MINNEAPOLIS (AP) — Defense attorneys for a former Minneapolis police officer who shot and killed an Australian woman last year argue that prosecutors have misled the court about Mohamed Noor’s past behavior in an attempt…
MINNEAPOLIS (AP) — Defense attorneys for a former Minneapolis police officer who shot and killed an Australian woman last year argue that prosecutors have misled the court about Mohamed Noor’s past behavior in an attempt to portray him as unfit for duty, according to a court document filed Wednesday.
The document was filed in response to prosecutors’ argument that there is enough probable cause for the case against Noor to proceed. Noor is charged with murder and manslaughter in the July 15, 2017, fatal shooting of Justine Ruszczyk Damond, who was killed after she called 911 to report a possible sexual assault behind her home.
Prosecutors said last week that officers who were training Noor reported instances in which he had problems handling the stress of the job. They also said that he took a psychological test in 2015 that showed he disliked being around people and was more likely than other officer candidates to become impatient. Prosecutors also wrote that just two months before the shooting, Noor was involved in a traffic stop in which he pointed a gun at a motorist’s head.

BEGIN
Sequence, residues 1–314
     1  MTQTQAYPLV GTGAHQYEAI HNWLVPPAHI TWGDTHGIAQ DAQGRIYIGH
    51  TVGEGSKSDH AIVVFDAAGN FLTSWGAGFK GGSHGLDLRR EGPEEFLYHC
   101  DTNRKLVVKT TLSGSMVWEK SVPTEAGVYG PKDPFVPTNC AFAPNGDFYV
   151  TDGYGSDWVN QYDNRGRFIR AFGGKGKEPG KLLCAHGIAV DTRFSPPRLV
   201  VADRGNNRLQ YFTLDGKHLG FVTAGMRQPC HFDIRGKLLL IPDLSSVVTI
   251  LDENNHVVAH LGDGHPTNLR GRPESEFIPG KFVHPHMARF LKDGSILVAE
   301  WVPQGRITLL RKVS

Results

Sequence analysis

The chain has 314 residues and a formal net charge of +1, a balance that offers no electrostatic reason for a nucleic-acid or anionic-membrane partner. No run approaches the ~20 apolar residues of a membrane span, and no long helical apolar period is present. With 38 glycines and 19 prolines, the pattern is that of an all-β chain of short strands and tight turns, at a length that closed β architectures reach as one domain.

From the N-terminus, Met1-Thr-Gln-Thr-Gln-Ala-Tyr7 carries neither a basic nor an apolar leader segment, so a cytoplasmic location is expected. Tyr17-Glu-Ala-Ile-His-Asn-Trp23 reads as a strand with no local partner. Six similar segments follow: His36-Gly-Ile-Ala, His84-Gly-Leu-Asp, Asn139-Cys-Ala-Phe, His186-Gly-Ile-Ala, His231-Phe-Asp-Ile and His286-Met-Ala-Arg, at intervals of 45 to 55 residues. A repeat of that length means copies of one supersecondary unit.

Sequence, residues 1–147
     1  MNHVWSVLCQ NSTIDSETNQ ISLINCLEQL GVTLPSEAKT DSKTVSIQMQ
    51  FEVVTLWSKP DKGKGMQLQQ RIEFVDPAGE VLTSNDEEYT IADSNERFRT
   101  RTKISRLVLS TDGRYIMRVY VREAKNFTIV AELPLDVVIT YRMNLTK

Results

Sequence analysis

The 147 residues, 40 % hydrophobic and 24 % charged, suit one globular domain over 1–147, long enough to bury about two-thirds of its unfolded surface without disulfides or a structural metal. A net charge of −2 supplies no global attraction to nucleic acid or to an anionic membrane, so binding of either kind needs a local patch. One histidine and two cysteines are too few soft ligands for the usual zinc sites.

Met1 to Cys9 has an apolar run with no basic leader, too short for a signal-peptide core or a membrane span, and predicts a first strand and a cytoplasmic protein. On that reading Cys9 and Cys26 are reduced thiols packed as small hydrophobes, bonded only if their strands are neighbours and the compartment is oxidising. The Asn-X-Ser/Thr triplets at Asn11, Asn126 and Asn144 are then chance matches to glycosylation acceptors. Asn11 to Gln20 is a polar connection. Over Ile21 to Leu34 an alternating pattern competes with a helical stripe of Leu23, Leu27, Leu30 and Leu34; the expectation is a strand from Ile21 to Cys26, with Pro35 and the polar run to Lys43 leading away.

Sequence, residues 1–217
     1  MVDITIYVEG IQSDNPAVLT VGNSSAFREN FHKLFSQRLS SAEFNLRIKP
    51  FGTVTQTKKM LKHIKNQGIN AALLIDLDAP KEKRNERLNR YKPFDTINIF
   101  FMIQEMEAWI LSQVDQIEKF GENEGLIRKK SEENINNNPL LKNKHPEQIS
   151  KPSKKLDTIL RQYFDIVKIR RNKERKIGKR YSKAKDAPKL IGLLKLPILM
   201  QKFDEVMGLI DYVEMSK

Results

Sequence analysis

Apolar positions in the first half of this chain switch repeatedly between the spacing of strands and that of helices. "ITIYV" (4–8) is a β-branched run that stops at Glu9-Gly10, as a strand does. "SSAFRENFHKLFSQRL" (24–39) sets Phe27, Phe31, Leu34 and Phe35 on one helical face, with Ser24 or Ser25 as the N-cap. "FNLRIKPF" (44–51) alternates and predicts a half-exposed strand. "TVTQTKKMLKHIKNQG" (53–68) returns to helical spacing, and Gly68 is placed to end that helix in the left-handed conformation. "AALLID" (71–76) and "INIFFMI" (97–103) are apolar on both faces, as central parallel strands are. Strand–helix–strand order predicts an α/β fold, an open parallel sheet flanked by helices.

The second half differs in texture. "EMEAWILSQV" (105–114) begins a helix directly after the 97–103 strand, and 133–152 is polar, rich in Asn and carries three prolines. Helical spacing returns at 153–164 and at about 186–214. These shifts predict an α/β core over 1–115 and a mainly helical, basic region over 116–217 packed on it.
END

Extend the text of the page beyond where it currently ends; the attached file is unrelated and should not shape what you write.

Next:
Defense attorneys said prosecutors left out key information.
“These lies by omission and clear misstatements of fact actively mislead the reader and obscure the truth,” defense attorneys Thomas Plunkett and Peter Wold wrote.
They said that training officers never found Noor to be “unacceptable” at a task, and the psychological test he took in 2015 is racially biased. Noor is Somali-American.
“The State’s claim that the … test illustrates his indifference for human life which led to his action on July 15, 2017 is asking to have Officer Noor convicted because of his race,” the defense wrote.
The attorneys also said that the psychologist who administered the test and the psychiatrist who cleared Noor for duty told prosecutor Amy Sweasy that Noor’s results were likely a result of his race and culture, not a personality disorder.
“The State, knowing that this would be widely covered by media all over the world, failed to inform the Court of crucial information,” the defense wrote.
The Hennepin County Attorney’s Office had no comment on the defense filing Wednesday.
The defense also took issue with the state’s claim that Noor pointed a gun at a motorist’s head two months before he shot Damond. The defense said prosecutors didn’t explain that the driver went two blocks without stopping and made movements inside the car as if he was hiding contraband.
Defense attorneys are asking that the charges against Noor be dismissed. A hearing on the motions is set for Sept. 27.
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